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Fowlkes v. Director, Department of Workforce Services

Court of Appeals of Arkansas, Division III

February 1, 2017




          Robert S. Tschiemer, for appellant.

          Phyllis A. Edwards, for appellee.

          ROBERT J. GLADWIN, Judge

         Blake Fowlkes appeals the denial of his application for unemployment benefits, asserting four points on appeal: (1) the Arkansas Board of Review ("Board") erred in concluding that Fowlkes quit his job; (2) Fowlkes's action did not constitute misconduct and did not preclude an award of benefits; (3) the Board erred in concluding that Fowlkes was not available for work; and (4) the Board erred in finding that Fowlkes's delay in filing his initial claim was without good cause or due to extraordinary circumstances. We affirm.

         I. Facts

         On December 14, 2015, Fowlkes filed an application for unemployment-insurance benefits with appellee Daryl Bassett, Director, Arkansas Department of Workforce Services ("Department"). He stated that he had last worked for WK Contractors, Inc. ("WK"), on October 20, 2015, and that he was discharged for "general" reasons. He also noted that he was not eligible to return to work immediately. However, on a separate but identical form, Fowlkes indicated that he was available for work immediately. WK responded to the notice, alleging that Fowlkes quit for "general" reasons and that he was discharged for "insubordination."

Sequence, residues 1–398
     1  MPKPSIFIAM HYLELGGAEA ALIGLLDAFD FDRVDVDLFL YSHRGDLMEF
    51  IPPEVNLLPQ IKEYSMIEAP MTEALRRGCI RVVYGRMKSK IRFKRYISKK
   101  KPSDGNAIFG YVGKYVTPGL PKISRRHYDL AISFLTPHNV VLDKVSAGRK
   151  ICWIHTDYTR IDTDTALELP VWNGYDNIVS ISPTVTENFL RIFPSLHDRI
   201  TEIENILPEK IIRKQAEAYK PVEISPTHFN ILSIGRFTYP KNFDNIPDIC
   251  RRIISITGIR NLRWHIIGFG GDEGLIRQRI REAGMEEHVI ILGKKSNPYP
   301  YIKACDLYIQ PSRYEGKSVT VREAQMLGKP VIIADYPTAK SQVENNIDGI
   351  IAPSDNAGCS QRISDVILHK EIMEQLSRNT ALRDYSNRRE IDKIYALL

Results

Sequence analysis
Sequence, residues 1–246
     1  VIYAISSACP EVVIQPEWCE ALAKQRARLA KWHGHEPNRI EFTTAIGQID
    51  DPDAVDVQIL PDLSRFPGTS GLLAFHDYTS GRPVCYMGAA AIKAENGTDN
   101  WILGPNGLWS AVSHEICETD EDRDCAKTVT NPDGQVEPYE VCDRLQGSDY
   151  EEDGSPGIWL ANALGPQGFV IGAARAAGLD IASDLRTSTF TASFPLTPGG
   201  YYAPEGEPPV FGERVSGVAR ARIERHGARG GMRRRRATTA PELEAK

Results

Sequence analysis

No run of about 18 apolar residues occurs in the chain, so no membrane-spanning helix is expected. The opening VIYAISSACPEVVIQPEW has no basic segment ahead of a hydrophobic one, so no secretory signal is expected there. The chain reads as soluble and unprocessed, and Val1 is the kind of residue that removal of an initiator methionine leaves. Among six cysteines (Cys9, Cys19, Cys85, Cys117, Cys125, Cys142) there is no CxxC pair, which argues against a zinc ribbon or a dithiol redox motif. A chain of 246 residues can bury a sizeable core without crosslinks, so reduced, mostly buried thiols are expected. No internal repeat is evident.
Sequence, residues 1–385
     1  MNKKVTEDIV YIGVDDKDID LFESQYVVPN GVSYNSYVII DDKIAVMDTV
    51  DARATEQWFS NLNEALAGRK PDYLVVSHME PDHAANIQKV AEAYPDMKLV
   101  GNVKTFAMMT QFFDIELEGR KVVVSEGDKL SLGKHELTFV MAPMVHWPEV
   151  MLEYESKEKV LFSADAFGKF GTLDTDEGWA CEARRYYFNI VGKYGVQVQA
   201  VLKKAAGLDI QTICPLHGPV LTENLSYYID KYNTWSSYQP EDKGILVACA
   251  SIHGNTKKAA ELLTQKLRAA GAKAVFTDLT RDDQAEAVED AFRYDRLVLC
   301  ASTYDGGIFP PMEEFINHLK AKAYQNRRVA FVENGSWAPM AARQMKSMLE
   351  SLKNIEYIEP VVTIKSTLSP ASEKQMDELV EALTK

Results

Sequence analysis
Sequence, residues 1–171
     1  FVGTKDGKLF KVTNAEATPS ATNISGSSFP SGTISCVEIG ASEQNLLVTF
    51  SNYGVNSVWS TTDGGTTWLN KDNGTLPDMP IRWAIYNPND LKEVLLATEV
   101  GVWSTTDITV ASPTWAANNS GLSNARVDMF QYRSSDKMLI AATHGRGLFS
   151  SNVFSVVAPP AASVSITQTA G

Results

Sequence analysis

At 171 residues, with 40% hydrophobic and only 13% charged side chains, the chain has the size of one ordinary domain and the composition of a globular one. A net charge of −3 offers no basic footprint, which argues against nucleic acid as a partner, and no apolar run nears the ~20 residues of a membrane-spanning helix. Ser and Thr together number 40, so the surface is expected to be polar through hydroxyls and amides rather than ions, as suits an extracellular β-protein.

In an "Able and Available-Claimant Statement, " Fowlkes asserted that he was not able or available for work beginning October 20, 2015, through November 18, 2015, because of childcare/other dependent-care arrangements and a death in the family. He stated that his brother had died on October 23, 2015, and that he would not have reported to work during the time indicated if work had been available. In a "Backdating-Claimant Statement, " Fowlkes requested backdating his claim filed on December 14, 2015, to October 24, 2015, through the week ending December 12, 2015, indicating that his brother and his father had died within "a couple of weeks of each other."

         Fowlkes filed unemployment-benefit claims for the following weeks, stating that he had not been able and available to work during each of the following weeks in 2015: October 24; October 31; November 7-14; November 14-21; and November 21-28. However, for his claim for the weeks of November 28-December 5, December 5-12, and December 12-19, he indicated that he had been able and available to work.